Did Principal Turnover Increase During the Pandemic? Maybe
The COVID-19 pandemic has caused massive disruptions in almost every aspect of life, including education. Schools across the globe were forced to pivot to remote learning, and the shift has been anything but smooth. Amidst all these changes, attention has turned to the impacts of the pandemic on school leadership, specifically principal turnover.
As schools went virtual, headlines began suggesting that there is a significant wave of principal resignations, retirements, and workforce reductions following the pandemic. The reason was simple: many school leaders were faced with new and unforeseen challenges, such as implementing distance education, keeping staff and students safe, maintaining mental health, and dealing with budget cuts. These issues have weighed heavily on many school leaders, making the job even more stressful than usual.
The fear of principal turnover is a significant concern due to its potentially negative impacts on school quality, student outcomes, morale, and continuity. A change in leadership can also harm relationships with teachers and other staff, leading to further issues. Consequently, education leaders, policymakers, and stakeholders have been monitoring principal turnover closely.
So, did principal turnover really increase during the pandemic?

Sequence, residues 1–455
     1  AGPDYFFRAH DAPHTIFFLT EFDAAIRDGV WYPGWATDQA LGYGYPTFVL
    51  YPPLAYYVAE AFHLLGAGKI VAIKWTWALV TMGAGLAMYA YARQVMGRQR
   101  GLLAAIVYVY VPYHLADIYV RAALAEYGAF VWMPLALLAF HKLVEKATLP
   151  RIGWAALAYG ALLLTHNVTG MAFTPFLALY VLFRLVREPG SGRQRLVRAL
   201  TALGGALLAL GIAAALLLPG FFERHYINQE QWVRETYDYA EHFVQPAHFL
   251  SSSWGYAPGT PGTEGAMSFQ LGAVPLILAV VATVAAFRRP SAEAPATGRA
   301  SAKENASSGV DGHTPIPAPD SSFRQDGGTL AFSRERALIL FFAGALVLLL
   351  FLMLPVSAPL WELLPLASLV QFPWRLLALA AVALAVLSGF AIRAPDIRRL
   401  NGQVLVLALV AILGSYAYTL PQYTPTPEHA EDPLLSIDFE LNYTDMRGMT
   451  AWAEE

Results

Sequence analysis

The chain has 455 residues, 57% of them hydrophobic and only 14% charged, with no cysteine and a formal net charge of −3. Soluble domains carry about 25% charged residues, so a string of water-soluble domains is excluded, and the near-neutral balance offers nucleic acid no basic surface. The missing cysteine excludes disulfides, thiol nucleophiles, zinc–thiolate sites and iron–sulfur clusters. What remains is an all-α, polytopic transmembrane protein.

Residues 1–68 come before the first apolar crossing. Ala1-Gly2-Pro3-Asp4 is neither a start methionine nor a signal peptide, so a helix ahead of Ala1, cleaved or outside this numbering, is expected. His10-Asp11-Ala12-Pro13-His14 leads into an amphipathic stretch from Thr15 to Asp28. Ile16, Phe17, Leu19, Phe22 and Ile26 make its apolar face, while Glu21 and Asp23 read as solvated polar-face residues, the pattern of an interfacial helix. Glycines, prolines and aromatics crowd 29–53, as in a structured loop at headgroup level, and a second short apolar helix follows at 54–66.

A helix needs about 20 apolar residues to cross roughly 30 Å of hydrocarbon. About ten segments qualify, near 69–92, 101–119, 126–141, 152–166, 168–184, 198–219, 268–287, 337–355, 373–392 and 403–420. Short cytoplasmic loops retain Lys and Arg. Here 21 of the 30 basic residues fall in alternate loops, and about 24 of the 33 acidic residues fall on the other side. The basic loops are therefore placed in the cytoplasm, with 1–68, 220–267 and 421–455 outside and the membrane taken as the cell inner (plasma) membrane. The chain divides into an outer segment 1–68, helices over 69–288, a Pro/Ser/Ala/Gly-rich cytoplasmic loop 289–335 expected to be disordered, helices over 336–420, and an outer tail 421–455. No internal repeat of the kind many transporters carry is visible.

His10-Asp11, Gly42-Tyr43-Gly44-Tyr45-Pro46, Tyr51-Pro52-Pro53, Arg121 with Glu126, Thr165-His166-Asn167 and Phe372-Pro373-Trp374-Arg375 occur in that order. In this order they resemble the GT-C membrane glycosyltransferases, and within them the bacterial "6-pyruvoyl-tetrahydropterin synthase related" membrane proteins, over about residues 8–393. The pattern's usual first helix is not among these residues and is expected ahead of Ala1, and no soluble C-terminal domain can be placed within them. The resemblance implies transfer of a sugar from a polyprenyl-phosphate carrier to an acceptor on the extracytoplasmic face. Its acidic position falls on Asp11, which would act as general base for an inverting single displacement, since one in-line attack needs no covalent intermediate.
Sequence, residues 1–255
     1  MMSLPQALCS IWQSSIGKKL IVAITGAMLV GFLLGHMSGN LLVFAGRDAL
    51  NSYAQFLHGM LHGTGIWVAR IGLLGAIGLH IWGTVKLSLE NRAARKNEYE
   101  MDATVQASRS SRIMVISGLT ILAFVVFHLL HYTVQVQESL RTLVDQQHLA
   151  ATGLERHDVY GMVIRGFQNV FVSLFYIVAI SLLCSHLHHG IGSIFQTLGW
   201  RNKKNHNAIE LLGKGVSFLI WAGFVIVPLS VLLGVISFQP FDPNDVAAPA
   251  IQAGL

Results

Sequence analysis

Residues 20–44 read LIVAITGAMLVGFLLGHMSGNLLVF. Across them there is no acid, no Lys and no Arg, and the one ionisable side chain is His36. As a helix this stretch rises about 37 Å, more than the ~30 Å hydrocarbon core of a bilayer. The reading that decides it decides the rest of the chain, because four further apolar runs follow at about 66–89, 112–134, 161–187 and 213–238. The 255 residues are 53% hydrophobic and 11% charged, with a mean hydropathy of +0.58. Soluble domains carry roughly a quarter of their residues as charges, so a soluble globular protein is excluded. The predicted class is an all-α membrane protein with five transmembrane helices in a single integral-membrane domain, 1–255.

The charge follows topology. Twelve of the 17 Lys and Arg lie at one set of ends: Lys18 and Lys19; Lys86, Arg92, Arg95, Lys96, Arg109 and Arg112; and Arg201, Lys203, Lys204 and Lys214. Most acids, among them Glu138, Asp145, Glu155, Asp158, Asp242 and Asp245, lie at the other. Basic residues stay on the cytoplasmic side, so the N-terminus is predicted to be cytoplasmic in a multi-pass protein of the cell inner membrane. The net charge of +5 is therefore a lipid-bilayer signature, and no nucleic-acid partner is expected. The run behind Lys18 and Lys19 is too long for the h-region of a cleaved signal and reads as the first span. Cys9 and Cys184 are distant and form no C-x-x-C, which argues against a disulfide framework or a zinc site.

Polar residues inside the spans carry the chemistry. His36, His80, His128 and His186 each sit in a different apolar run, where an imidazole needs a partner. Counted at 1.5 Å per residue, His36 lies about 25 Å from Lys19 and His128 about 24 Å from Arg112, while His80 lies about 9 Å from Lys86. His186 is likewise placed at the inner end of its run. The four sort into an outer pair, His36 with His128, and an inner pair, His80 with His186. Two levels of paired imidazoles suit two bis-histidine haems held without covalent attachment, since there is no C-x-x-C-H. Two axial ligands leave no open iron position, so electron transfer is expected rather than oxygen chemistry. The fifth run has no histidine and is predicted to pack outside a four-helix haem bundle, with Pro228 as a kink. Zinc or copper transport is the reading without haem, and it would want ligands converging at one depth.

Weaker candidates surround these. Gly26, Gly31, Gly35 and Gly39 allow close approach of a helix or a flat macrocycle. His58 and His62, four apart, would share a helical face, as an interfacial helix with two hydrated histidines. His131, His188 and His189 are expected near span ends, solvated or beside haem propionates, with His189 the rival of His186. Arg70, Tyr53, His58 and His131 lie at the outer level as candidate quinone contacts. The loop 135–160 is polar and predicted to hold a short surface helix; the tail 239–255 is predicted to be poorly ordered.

The answer seems to be mixed, depending on the state or district. A national survey of nearly 1,000 school leaders conducted in March 2021 found that 37% of principals and assistant principals reported they were considering leaving the profession earlier than planned due to the pandemic. Another survey conducted in the fall of 2020 by the National Association of Secondary School Principals reported that 13% of respondents had resigned since March, and an additional 45% were considering leaving due to the pandemic’s pressures.
Conversely, some states and districts have seen no such patterns, with principal turnover remaining relatively stable. For example, in Texas, principal turnover rates have stayed virtually unchanged during the pandemic, with fewer principals leaving than in 2019-20. Similarly, in New York City, the number of principals who retired or resigned during the first year of the pandemic was comparable to the prior two years.
It’s important to note that principal turnover has been a long-standing issue in education, with turnover rates averaging around 20% nationally. Thus, the pandemic may have exacerbated this trend, but it’s also possible that turnover remained relatively stable, given the deep-rooted causes.
In conclusion, there is no clear answer to whether there has been an increase in principal turnover during the pandemic. While some states and districts have seen considerable turnover, others have seen no significant changes. However, given the critical role of school leaders in ensuring student success and well-being, it’s essential to address this issue proactively to promote stability and continuity during the pandemic and beyond.